Today they are running a front page banner highlighting WMMP, but other than that as a consumer, your first WMMP interaction is on item pages.  WMMP items are not highlighted in the search engine results pages that I can see.  This figure shows an eBags items and you can see a CSN item here and a Pro Team item here.  Note: to see a larger version of any of these images, click and a zoomed-in image will pop up.

Wmt_item_pg In the figure above , I’ve added two red boxes and a big red arrow to highlight the two areas of the item page that indicate this product is sold via WMMP. First, in the upper right you see some text in he grey area that says: “Sold by Walmart Marketplace” and includes a link for more information (more on that in a sec).  Below the product image is a more detailed box that has three areas – the seller, the price and the shipping details.

If you click on the ‘Learn More’ link in the ‘Sold By Walmart Marketplace’ area, you get this pop-up that gives a high level overview of what the WMMP is all about:


On the item page under the merchant’s name, is a link that says: “Retailer Info” – when you click on that, you are taken to a tabbed page with all of the details of the merchant.  You can see the eBags page live here, or here’s a screen grab:


This is very Amazon-esque.  You can see a summary for the seller, detailed ratings, shipping information, Return policies, Customer Service information and an ‘About Us’ section that is a catch-all for the 3P merchant to add anything not covered on other tabs.  For comparison’s sake, here’s the same page (also for eBags) on Amazon’s 3P system:


You can tell these are very similar.

Finally, when a consumer adds an item to checkout there are two more user flows of interest:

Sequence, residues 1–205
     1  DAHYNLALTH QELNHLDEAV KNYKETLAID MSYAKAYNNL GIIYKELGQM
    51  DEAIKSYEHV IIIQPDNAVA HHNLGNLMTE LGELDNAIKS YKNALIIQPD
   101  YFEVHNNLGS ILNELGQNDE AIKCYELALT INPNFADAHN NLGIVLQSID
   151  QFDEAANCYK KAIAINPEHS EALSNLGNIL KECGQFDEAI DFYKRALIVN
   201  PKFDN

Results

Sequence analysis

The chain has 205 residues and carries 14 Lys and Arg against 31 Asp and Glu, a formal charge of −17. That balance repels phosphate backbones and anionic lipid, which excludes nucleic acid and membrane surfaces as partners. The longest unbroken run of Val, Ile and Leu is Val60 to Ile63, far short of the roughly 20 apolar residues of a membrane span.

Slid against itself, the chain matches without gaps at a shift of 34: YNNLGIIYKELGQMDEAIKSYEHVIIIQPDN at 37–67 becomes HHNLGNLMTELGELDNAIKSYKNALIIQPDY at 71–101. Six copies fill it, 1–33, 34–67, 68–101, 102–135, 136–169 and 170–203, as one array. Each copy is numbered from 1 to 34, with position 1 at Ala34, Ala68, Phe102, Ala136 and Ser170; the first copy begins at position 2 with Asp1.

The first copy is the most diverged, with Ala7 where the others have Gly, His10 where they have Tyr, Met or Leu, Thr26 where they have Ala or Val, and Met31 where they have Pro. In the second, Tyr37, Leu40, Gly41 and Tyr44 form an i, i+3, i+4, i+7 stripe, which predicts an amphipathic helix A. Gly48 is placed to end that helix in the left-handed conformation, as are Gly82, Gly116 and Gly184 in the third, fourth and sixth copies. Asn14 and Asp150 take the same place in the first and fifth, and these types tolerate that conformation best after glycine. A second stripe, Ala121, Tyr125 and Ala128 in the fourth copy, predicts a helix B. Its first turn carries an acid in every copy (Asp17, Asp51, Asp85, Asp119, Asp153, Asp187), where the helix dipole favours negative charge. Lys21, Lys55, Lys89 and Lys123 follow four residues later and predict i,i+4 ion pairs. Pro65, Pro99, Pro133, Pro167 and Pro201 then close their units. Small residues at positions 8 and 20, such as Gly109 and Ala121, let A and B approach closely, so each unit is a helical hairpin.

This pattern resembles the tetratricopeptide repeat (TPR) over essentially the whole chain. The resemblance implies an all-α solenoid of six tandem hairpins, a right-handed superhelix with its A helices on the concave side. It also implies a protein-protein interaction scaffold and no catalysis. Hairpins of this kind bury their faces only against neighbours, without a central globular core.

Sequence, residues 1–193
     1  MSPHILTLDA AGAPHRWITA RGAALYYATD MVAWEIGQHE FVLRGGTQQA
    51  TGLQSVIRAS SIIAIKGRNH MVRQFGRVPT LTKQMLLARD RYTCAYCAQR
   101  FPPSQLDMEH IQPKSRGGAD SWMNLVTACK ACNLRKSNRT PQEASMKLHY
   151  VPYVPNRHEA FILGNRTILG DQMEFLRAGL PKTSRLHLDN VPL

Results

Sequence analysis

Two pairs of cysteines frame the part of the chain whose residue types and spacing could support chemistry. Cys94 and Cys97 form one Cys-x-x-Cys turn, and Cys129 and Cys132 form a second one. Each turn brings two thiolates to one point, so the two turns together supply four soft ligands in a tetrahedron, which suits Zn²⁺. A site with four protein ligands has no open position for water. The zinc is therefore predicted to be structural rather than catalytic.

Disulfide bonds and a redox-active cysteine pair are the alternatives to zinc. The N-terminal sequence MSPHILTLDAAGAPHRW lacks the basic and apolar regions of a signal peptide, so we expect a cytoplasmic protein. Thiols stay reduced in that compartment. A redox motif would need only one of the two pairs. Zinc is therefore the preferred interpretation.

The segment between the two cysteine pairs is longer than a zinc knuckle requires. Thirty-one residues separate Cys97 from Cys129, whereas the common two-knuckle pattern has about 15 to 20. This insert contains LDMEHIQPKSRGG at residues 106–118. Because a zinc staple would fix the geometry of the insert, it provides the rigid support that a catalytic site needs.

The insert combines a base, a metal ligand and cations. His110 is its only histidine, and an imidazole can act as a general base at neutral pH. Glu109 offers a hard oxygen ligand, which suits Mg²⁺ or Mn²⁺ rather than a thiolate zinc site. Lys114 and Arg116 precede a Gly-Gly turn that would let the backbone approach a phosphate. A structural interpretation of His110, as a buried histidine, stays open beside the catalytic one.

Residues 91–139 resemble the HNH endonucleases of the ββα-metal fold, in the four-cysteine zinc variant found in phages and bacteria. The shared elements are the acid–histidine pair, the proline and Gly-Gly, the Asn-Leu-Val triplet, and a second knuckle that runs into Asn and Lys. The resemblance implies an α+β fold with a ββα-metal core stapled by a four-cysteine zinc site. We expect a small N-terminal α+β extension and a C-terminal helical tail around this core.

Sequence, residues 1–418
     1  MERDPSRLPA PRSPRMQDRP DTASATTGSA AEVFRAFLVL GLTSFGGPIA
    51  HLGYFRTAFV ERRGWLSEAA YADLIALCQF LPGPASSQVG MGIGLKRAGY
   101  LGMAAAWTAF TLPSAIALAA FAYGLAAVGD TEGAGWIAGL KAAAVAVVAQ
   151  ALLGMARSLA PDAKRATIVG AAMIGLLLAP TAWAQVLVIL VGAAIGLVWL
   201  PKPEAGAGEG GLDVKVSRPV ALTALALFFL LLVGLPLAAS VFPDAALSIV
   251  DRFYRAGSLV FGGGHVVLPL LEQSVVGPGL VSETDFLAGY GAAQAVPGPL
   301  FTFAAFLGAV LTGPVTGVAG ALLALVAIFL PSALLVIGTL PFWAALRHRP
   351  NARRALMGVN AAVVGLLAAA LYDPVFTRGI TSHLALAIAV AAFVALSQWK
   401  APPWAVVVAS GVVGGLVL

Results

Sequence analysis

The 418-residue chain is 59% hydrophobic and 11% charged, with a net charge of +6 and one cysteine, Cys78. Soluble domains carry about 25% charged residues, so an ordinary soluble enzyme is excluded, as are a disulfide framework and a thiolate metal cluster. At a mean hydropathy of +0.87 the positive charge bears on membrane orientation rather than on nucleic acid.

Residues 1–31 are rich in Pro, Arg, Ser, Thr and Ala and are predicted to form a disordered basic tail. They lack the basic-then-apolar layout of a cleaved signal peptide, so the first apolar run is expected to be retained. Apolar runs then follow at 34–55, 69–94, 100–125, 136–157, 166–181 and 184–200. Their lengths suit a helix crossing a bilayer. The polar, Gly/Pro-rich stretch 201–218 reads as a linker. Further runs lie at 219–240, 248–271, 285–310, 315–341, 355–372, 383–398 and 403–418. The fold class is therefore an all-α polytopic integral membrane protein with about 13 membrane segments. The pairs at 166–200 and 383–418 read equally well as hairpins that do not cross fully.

1. An interstitial is presented that asks the consumer to verify they are aware the item is not from Walmart:


2. The consumer is shown each product in a different box so they can pick from the different S+H options (Walmart’s vs. the 3P):


Those are the highlights of the Walmart Marketplace.  The WMMP is a clean, consumer-friendly extension of the Walmart first-party business and should give shoppers all of the usual 3P benefits of added selection, price and

What’s not clear at this time is how Walmart will treat some of the more delicate situations that arises in the world of 3P:

  • What if there is overlap in products (both Walmart and the 3P) offer it?  Today WMMP appears to only have products that Walmart first-party does not offer.  The corollary is – what if a 3P has a lower price than you do for the same product?
  • What if a 3P’s consumer ratings are lower than some threshold?
  • What if consumers are confused because there isn’t that much on the site that highlights they are buying from a 3P?

We’ll keep an eye out and an ear open for these situations and report back here on Amazon Strategies as this fledgling marketplace gets on its legs and has to cross some of these bridges on the path to success.